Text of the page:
Students Learn Election Process

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Many people have already cast their election ballots or will be doing so very soon, and of course all of those voters are eighteen years or older.

However, some local students are proving that it's never too early to learn the election process.

Young democrats and republicans at Parkersburg High School are debating many of the same issues as presidential candidates John McCain and Barack Obama.

But one issue both sides agree on is the importance of educating the nation's youth about the election.

"Them having the right to vote is right around the corner, so I think it's imperative that people who have the right to vote be informed," David Byler, president of Young Republicans, said.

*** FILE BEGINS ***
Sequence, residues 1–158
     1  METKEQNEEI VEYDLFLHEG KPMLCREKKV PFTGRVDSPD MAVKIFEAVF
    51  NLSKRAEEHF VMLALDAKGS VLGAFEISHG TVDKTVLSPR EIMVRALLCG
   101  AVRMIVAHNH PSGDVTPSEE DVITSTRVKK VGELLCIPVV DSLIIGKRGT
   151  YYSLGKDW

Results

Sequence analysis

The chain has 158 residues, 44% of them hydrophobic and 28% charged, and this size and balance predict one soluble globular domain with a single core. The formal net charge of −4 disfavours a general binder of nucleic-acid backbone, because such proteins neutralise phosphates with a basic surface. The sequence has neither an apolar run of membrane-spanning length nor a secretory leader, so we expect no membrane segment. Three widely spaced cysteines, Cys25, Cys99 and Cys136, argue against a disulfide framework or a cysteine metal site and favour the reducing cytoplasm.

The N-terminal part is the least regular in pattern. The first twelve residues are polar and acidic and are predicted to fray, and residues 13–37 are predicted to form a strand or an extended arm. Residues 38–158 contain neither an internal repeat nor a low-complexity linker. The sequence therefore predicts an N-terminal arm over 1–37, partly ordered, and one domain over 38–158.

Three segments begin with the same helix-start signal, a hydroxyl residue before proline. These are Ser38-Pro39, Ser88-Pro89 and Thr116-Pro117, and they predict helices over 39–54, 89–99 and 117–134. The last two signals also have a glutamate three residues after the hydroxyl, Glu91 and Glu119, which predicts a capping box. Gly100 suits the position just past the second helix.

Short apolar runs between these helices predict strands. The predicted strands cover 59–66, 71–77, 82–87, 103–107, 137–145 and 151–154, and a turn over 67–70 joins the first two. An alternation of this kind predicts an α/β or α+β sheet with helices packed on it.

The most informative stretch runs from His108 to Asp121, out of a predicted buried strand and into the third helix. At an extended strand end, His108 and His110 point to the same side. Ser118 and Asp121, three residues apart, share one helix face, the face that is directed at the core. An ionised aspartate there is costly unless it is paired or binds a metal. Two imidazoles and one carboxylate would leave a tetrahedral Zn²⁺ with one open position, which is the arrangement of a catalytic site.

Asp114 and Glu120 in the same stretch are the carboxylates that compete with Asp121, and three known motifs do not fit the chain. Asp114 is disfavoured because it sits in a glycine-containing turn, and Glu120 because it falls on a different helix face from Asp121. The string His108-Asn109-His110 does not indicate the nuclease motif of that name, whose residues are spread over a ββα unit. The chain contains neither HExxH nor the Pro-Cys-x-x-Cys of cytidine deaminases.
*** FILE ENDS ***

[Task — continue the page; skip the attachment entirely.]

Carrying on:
"The student body is eventually going to be the leaders of the nation in time, and eventually we're going to need to learn all these issues that we're going to be debating about today," Josh Gainer, president of Young Democrats, said.

Making the teachers' jobs a little easier.

"We've learned they're teaching each other too. One student I heard just this morning said, 'Why is your poster shaped like an elephant,' and the other student said 'Because the elephant represents the republican party.'"

High school students aren't the only ones learning about elections. At St. Marys Elementary, they say it's never too early to cast your ballot.

"We want our students to be good responsible citizens and we want them to get an early start on that and to see what's gong on in the world and community, because this eventually will affect them," Dianna Lewis, a 3rd grade teacher, said.

And after spending weeks contemplating who to vote for, 3rd grader Orv Taylor finally got to cast his ballot.

"We've learned not to vote because our friends are voting for them, or how tall they are or what color they are," Taylor said.

Giving everyone an opportunity to have their voices heard, no matter how small they are.

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